Acne, especially face localized acne, may be the cause of negative emotional reactions. Acne, by altering body image, has a negative personal impact consisting in the patient’s devaluation and a negative relational impact manifested through the patient’s behaviour. Acne’s echo on the patient is a matter of perception. In adolescence it is important to separate manifestations of dispositional instability characteristic to this age from psychological disorders that acne produces or aggravates, which must be taken into account by the doctor when making the therapeutic decision. Studies have shown differences in the presence of depression, anxiety and suicide in patients with acne.
Depression caused by acne is different from depression occurring in the context of drug administration, which can probably be attributed to the use of such drugs and which disappears after their discontinuation.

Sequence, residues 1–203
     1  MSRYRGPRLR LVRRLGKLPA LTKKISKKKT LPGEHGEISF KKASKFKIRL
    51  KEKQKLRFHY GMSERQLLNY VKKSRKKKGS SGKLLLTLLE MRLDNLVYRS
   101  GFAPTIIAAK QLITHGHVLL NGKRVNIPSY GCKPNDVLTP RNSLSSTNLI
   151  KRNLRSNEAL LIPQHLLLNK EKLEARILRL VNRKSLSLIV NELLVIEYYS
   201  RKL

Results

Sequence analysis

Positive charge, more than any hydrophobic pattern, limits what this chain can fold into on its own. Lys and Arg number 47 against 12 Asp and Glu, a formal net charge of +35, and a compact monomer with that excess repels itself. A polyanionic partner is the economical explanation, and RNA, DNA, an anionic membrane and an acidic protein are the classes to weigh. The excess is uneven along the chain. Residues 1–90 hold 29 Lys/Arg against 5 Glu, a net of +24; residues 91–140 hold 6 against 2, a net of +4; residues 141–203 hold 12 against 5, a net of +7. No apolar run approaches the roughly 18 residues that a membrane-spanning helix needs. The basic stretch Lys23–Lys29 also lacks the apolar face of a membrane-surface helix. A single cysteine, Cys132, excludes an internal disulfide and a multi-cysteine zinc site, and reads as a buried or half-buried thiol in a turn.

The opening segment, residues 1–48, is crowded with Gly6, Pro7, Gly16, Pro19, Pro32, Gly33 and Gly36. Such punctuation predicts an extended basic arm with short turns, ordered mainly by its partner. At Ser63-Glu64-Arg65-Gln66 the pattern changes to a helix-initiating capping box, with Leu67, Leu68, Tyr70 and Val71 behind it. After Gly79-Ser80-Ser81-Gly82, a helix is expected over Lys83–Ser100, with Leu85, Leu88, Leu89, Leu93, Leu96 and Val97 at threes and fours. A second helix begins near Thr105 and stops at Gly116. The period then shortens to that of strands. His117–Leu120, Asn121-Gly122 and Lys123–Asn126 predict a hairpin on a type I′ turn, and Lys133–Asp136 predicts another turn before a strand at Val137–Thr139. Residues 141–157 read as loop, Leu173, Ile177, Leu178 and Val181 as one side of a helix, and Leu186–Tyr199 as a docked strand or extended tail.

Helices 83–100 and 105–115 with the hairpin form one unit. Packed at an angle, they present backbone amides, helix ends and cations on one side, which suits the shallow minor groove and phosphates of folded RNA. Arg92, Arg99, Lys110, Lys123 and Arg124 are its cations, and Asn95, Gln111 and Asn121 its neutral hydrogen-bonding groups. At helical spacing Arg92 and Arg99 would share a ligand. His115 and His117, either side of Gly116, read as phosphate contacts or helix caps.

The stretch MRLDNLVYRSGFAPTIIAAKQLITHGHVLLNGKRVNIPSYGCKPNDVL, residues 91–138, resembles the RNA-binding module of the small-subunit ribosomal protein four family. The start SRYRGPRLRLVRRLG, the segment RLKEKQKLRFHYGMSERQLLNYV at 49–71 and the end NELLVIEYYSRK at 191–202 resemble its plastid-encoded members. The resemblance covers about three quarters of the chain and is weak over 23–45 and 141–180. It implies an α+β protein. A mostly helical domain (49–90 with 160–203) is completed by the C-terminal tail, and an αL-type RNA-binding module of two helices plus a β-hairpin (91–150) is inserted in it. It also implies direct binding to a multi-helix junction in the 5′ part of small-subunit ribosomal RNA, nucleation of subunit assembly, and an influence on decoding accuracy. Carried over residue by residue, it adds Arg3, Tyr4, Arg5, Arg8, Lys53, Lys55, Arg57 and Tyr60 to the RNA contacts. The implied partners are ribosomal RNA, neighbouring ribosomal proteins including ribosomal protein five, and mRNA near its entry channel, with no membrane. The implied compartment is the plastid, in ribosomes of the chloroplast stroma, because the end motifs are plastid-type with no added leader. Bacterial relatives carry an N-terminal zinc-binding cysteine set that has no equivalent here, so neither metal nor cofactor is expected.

Isotretinoin (13 cis-retinoic acid) taken orally has shown its efficiency in the treatment of acne, particularly in severe forms. The role of isotretinoin in the emergence or aggravation of the depressive syndrome has been discussed by various authors in the context of the presentation of clinical cases, the temporal association between the occurrence of depression and drug exposure, the relationship between the introduction/reintroduction of the drug, the relationship between depression and the isotretinoin dose administered, or the plausible biological mechanism of its occurrence.
The conclusion is that the observance of emotional changes in patients on isotretinoin therapy requires careful
monitoring by their doctor.